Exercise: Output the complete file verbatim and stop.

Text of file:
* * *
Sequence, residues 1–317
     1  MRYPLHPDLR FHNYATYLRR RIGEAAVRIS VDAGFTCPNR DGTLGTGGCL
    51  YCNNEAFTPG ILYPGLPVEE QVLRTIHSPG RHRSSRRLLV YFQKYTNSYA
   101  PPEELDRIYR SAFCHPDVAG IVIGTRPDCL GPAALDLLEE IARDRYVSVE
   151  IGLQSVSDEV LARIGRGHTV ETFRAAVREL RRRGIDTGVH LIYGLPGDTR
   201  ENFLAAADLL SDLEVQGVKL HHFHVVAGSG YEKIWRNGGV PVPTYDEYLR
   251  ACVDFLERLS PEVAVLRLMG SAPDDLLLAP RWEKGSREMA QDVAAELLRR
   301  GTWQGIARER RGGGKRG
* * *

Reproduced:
Sequence, residues 1–317
     1  MRYPLHPDLR FHNYATYLRR RIGEAAVRIS VDAGFTCPNR DGTLGTGGCL
    51  YCNNEAFTPG ILYPGLPVEE QVLRTIHSPG RHRSSRRLLV YFQKYTNSYA
   101  PPEELDRIYR SAFCHPDVAG IVIGTRPDCL GPAALDLLEE IARDRYVSVE
   151  IGLQSVSDEV LARIGRGHTV ETFRAAVREL RRRGIDTGVH LIYGLPGDTR
   201  ENFLAAADLL SDLEVQGVKL HHFHVVAGSG YEKIWRNGGV PVPTYDEYLR
   251  ACVDFLERLS PEVAVLRLMG SAPDDLLLAP RWEKGSREMA QDVAAELLRR
   301  GTWQGIARER RGGGKRG